Birth weight and childhood obesity: A 12-country study

Yijuan Qiao, J Ma, Y Wang, W Li, Peter T Katzmarzyk, Jean-Philippe Chaput, Mikael Fogelholm, William D Johnson, Rebecca Kuriyan, Anura Kurpad, E V Lambert, Carol Maher, Victor Matsudo, Timothy Olds, Vincent Onywera, Olga L Sarmiento, Martyn Standage, Mark S Tremblay, Catrine Tudor-Locke, Timothy S. ChurchPei Zhao, Gang Hu

Research output: Contribution to journalArticlepeer-review

99 Citations (SciVal)


OBJECTIVES: Few studies have investigated the association between the full range of birth weight and the risk of childhood obesity in high-, middle- and low-income countries. The aim of the present study is to assess the association between different levels of birth weight and the risk of obesity among children aged 9–11 years in 12 countries. METHODS: A multinational, cross-sectional study of 5141 children aged 9–11 years was conducted in 12 countries. Height and weight were obtained using standardized methods. Time spent in moderate-to-vigorous physical activity (MVPA), sedentary and sleeping were objectively measured using 24-h, waist-worn accelerometer (Actigraph GT3X+) monitored for 7 days. Birth weight and other factors (regions, parental education, maternal history of gestational diabetes, children age, gender, breast feeding, gestational age, unhealthy diet scores and healthy diet scores) were collected by parental and children’s questionnaires. Multilevel modeling was used to account for the nested nature of the data. RESULTS: The overall prevalence of obesity (BMI z-score>+2 s.d.) was 15.4% for boys and 10.0% for girls. There was a positive association between birth weight and BMI z-scores. The multivariable-adjusted odds ratios (ORs) of childhood obesity were significantly higher among children whose birth weights were 3500–3999 g (OR 1.45; 95% confidence interval (CI): 1.10–1.92), and >4000 g (OR 2.08; 95% CI: 1.47–2.93), compared with the reference group (2500–2999 g). The positive association between birth weight and the odds of childhood obesity was seen in girls, whereas a U-shaped association appeared in boys. CONCLUSIONS: High levels of birth weight, defined as birth weight greater than or equal to3500 g, were associated with increased odds of obesity among 9–11-year-old children in 12 countries. However, sex differences in the association between birth weight and the risk of obesity need to be considered when planning interventions to reduce childhood obesity.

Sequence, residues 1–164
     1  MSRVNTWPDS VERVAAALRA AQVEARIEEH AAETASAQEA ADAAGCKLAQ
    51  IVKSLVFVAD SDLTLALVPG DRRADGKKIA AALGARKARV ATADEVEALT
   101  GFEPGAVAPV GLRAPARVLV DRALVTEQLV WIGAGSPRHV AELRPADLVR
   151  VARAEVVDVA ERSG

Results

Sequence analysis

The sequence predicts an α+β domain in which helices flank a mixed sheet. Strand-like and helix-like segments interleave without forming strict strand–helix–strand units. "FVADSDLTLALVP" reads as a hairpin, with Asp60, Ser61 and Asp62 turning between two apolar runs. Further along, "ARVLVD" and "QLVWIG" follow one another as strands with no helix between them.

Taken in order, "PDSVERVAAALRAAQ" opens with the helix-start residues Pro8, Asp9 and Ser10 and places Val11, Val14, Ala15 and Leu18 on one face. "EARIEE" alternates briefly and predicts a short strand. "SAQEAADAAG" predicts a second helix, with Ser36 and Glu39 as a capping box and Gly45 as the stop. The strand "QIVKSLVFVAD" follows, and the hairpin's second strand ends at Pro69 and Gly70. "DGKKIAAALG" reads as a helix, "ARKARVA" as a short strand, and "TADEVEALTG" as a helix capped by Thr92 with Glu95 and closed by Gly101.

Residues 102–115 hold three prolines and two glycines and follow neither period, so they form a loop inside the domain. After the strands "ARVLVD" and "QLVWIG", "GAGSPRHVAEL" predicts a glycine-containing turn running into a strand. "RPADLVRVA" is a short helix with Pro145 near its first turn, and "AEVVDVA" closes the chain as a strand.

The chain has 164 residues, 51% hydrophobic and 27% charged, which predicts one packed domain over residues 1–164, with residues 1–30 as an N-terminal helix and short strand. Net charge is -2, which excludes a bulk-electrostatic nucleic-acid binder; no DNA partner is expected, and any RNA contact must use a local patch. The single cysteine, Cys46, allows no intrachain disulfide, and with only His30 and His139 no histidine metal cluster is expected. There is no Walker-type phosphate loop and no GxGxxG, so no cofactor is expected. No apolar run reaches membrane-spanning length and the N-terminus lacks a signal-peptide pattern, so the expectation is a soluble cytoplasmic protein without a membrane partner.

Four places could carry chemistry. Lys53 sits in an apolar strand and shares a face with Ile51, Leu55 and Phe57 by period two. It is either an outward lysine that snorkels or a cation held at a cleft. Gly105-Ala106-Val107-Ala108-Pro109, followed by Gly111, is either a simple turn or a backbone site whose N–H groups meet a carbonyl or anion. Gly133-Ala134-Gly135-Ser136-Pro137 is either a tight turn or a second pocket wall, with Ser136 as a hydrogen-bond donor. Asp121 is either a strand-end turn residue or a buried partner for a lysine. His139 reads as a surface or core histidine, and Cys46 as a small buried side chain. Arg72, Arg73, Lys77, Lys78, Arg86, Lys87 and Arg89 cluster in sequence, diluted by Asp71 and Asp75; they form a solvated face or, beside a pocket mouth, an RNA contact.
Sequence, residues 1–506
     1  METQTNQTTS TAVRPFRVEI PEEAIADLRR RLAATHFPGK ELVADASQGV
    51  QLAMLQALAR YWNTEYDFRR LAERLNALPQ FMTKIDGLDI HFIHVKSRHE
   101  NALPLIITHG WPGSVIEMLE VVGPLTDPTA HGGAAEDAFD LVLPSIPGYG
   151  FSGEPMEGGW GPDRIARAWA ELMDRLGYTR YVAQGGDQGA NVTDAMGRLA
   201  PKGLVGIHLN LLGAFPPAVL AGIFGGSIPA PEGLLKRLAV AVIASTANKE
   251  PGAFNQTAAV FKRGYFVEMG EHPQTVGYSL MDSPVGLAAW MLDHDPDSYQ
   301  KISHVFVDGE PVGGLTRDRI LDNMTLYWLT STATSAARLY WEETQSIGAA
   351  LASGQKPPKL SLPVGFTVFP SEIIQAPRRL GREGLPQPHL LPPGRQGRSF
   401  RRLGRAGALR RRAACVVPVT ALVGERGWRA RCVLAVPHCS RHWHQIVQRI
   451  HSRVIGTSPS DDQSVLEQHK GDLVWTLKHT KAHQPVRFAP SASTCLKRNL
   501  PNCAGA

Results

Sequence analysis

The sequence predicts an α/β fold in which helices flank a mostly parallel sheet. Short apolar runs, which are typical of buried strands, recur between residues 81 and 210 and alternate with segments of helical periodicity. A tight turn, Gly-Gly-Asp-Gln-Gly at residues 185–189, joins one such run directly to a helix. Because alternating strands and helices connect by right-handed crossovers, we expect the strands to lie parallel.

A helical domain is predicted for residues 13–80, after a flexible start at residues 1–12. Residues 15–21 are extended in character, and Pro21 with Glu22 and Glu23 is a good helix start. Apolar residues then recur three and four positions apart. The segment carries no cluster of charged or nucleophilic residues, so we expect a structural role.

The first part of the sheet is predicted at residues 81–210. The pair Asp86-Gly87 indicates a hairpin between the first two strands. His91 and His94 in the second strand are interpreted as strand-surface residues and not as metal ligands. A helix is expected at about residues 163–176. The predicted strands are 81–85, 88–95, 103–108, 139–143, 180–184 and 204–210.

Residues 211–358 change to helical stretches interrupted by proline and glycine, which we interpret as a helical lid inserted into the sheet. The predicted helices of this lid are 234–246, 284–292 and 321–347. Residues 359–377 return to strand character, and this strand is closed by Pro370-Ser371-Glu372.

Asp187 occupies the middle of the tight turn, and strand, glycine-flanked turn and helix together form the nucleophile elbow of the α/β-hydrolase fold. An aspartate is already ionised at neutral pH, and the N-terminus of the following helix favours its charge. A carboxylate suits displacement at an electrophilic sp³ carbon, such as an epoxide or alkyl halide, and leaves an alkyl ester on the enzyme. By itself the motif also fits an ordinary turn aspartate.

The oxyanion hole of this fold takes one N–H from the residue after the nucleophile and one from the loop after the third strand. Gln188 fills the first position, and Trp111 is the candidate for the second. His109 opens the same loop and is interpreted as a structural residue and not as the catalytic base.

Original languageEnglish
Pages (from-to)S74-S79
JournalInternational Journal of Obesity
Publication statusPublished - 8 Dec 2015


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